A Publication of WTVP

Age-related macular degeneration is the most common cause of damage to one’s central vision.

We are constantly using our eyes, whether watching TV, looking at our latest electronic gadget, driving, reading or simply relaxing. It is easy to take good eyesight for granted, and even easier to assume that difficulty in vision is simply due to a change in one’s glasses prescription. However, 15 million Americans—and millions more around the world—suffer from age-related macular degeneration (AMD), which damages a part of our eyes called the macula, making even mundane tasks very challenging.

The retina is nerve tissue which lines the inside of our eyes like a carpet. The central part of the retina—about the size of a pinhead and densely packed with light-sensing nerve cells—is the macula, which provides us with central or straight-ahead vision, as well as color vision (See Figure 1). The rest of the retina is responsible for peripheral or side vision, such as looking out of the corner of your eye.

How Prevalent is AMD?
AMD is the most common cause of vision loss and legal blindness in the U.S. Overall, three million Americans will have advanced AMD by 2020. More than one in three senior citizens over the age of 75 currently have signs of macular degeneration, with approximately 200,000 new cases diagnosed each year. 

The risk of AMD increases dramatically with age. Additional risk factors include: female sex, Caucasian race, blue eyes, positive family history, AMD in the other eye, smoking, a diet high in saturated fats and low in antioxidants, high cholesterol, obesity, a sedentary lifestyle, and high blood pressure. 

Types of AMD
The condition always starts out as “dry” AMD, with tiny yellow deposits called drusen forming over the macula. Small, discrete or “hard” drusen are common and may not affect vision. However, more than seven million Americans have large or soft drusen (See Figure 2) and are at risk of progression to advanced AMD.

Dry AMD can result in the loss of central or reading vision due to the loss of tissue over the macula. However, 90 percent of cases of legal blindness from AMD are due to the “wet” form, in which abnormal blood vessels form under the macula and cause leakage of fluid or bleeding (See Figure 3). Eventually, blood causes scarring in the macula, leading to the permanent loss of vision. “Wet” AMD almost never starts out as “wet.” Rather, it develops on the back of dry AMD.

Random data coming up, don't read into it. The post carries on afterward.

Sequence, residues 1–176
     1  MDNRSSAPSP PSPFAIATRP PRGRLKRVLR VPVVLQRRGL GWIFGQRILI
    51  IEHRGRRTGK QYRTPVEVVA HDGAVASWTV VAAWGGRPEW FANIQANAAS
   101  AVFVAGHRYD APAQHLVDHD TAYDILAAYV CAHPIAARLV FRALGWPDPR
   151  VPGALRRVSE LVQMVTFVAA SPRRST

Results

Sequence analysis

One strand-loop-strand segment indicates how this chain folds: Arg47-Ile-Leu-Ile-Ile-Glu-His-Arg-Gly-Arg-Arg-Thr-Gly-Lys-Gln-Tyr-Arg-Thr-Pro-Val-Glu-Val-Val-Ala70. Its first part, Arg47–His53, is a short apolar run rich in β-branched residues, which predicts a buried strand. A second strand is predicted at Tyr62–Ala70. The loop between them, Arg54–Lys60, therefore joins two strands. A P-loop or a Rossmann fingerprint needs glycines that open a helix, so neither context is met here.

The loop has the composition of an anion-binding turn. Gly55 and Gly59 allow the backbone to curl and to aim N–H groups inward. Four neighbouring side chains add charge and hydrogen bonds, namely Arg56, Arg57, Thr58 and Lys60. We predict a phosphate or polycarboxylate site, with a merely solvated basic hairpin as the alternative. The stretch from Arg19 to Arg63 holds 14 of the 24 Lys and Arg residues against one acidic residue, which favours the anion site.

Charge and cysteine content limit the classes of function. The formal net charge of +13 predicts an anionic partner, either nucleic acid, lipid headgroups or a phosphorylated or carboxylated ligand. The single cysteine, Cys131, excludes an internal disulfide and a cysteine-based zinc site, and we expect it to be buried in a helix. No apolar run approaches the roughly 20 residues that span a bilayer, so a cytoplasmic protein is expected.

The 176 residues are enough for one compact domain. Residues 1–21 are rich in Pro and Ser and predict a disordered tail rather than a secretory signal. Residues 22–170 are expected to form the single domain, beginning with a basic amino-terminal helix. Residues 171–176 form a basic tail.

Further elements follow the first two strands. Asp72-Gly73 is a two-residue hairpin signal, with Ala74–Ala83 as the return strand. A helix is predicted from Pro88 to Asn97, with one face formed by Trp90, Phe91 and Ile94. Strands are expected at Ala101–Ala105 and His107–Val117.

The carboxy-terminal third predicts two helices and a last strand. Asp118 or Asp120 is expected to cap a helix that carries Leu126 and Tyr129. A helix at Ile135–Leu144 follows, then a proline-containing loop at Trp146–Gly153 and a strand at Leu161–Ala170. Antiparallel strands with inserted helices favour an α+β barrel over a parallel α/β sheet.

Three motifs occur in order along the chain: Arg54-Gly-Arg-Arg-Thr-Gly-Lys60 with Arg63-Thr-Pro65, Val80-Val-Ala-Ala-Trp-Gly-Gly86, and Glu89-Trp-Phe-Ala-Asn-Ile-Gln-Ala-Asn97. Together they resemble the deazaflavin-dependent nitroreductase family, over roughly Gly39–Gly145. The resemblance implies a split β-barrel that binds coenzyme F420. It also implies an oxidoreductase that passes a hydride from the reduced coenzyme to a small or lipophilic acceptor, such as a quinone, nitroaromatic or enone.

Symptoms of AMD
The early stages of AMD often arrive without symptoms. Intermediate AMD (soft drusen) may also be asymptomatic, or it may be associated with a slight blurring, distortion or decline in vision. AMD does not cause pain or redness in the eye.

Unlike the ears, both of our eyes are pointed straight ahead at the same object. Therefore, a painless condition such as AMD affecting only one eye may not be detected by the patient, due to the other eye subconsciously taking over. With advanced AMD (atrophy or wet AMD), a dark or black spot develops in the center of one’s vision.  

How is AMD diagnosed?
It is important for all of us to check our vision in each eye by reading or watching TV after covering the other eye for at least five minutes daily, and report any new distortion, blurriness or a dark spot to your eye care provider. An examination of the back of the eye after the dilation of pupils, combined with other special tests, is required for an accurate diagnosis.

Treatment of AMD
Intermediate cases of dry AMD are treated with vitamins that can slow down (but not completely stop) its progression. The most effective treatment of wet AMD involves the injection of medications into the eye. It is important to note that these injections do not “cure” wet AMD, but only manage to control it. Approximately 90 percent of patients can expect to stabilize their vision with repeated injections. Those who are diagnosed early and have smaller areas of damage do better.

AMD is the most common cause of damage to one’s central vision. Awareness of its symptoms and daily monitoring of vision by alternately covering one eye, then the other, may uncover its symptoms at an earlier stage. Early detection and prompt treatment are associated with improved outcomes. iBi

Kamal Kishore, MD, is a fellowship-trained retina specialist at Illinois Retina & Eye Associates.